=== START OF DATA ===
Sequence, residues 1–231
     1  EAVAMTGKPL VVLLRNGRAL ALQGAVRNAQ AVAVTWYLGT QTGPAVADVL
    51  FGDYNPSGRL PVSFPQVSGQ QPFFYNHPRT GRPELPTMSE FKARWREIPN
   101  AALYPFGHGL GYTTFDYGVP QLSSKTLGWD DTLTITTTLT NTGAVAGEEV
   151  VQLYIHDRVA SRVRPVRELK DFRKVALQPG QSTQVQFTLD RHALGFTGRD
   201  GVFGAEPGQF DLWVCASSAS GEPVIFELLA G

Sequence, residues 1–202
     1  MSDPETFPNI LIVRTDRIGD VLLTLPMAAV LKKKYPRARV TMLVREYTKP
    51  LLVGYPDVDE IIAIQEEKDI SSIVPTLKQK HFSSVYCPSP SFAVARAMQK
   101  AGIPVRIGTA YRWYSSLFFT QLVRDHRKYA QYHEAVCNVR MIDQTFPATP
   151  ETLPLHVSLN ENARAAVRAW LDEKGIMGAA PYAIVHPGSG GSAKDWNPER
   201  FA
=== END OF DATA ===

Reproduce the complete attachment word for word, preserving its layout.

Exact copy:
Sequence, residues 1–231
     1  EAVAMTGKPL VVLLRNGRAL ALQGAVRNAQ AVAVTWYLGT QTGPAVADVL
    51  FGDYNPSGRL PVSFPQVSGQ QPFFYNHPRT GRPELPTMSE FKARWREIPN
   101  AALYPFGHGL GYTTFDYGVP QLSSKTLGWD DTLTITTTLT NTGAVAGEEV
   151  VQLYIHDRVA SRVRPVRELK DFRKVALQPG QSTQVQFTLD RHALGFTGRD
   201  GVFGAEPGQF DLWVCASSAS GEPVIFELLA G

Sequence, residues 1–202
     1  MSDPETFPNI LIVRTDRIGD VLLTLPMAAV LKKKYPRARV TMLVREYTKP
    51  LLVGYPDVDE IIAIQEEKDI SSIVPTLKQK HFSSVYCPSP SFAVARAMQK
   101  AGIPVRIGTA YRWYSSLFFT QLVRDHRKYA QYHEAVCNVR MIDQTFPATP
   151  ETLPLHVSLN ENARAAVRAW LDEKGIMGAA PYAIVHPGSG GSAKDWNPER
   201  FA